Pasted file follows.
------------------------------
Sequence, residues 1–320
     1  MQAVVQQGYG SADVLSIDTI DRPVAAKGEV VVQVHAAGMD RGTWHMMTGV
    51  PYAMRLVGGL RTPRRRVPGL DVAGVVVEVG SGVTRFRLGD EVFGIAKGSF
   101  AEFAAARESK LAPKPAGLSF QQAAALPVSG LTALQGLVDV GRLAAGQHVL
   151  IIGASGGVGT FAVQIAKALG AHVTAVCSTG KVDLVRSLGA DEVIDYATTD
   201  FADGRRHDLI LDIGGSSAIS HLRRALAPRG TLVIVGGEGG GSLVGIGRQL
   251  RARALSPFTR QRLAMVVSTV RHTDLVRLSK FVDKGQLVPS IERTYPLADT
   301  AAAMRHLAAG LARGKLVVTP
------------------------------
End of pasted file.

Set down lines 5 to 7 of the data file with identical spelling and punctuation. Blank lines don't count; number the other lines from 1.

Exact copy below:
   151  IIGASGGVGT FAVQIAKALG AHVTAVCSTG KVDLVRSLGA DEVIDYATTD
   201  FADGRRHDLI LDIGGSSAIS HLRRALAPRG TLVIVGGEGG GSLVGIGRQL
   251  RARALSPFTR QRLAMVVSTV RHTDLVRLSK FVDKGQLVPS IERTYPLADT